Lord George Bentinck is an account of Disraeli's relation with his parliamentary colleague and friend. It is not simply an account of the battle over the Corn Laws with Sir Robert Peel, but a most remarkable book, extremely readable, and full of often quoted and apt comments and descriptions. As a vivid story of one of the great parliamentary dramas in British history it is unsurpassed. The portraits of both Bentinck and Peel are both sympathetic and just. The book provides insight into mid-nineteenth century parliamentary life that remains unsurpassed.
It is hard to overstate the bitterness and fury which Peel's decision to repeal the Corn Laws had provoked in British politics. One biographer of Disraeli, Robert Blake, spoke of "Home Rule in 1886 and Munich in 1938 as the nearest parallels". Friendships were sundered, families divided, and the feuds of politics carried into private life to a degree quite unusual in British history. Those who are interested in the details of parliamentary warfare which raged until Peel's fall from power should consult Lord George Bentinck.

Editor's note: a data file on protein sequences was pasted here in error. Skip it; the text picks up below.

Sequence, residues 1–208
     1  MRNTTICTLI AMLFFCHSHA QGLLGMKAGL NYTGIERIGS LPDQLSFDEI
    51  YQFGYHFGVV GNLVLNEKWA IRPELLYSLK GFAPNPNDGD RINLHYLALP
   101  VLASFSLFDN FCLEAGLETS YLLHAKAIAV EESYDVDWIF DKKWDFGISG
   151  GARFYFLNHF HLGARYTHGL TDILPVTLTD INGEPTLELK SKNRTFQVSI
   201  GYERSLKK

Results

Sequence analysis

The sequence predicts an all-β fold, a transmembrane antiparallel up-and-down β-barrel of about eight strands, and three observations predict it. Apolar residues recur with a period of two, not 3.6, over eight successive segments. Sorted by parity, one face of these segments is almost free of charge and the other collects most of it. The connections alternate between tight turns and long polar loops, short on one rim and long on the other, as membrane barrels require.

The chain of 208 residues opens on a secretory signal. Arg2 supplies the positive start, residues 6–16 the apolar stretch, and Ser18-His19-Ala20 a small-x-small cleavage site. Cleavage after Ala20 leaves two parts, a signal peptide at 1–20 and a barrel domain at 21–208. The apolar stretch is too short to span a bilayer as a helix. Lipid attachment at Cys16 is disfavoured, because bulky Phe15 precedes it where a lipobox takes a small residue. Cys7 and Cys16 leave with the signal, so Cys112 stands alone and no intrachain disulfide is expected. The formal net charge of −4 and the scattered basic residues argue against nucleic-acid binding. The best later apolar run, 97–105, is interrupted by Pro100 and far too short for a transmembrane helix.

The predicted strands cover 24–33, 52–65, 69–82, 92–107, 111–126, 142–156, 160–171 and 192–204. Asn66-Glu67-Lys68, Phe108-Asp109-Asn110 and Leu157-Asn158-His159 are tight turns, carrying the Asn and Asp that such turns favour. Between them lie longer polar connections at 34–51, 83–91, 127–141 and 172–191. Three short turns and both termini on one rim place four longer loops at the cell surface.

But the worth of this book goes beyond constitutional history or even the Irish food famine. Disraeli helps explain the intellectual and ideological grounds of the Young England Movement: a conservative force that aimed at a union of discontented industrial workers with aristocratic landowners and against factious Whigs, selfish factory owners and dissenting shopkeepers. In forging such a policy of principle, the Conservatives, as Disraeli's book well demonstrates, became a minority party but one which carried the full weight of moral politics.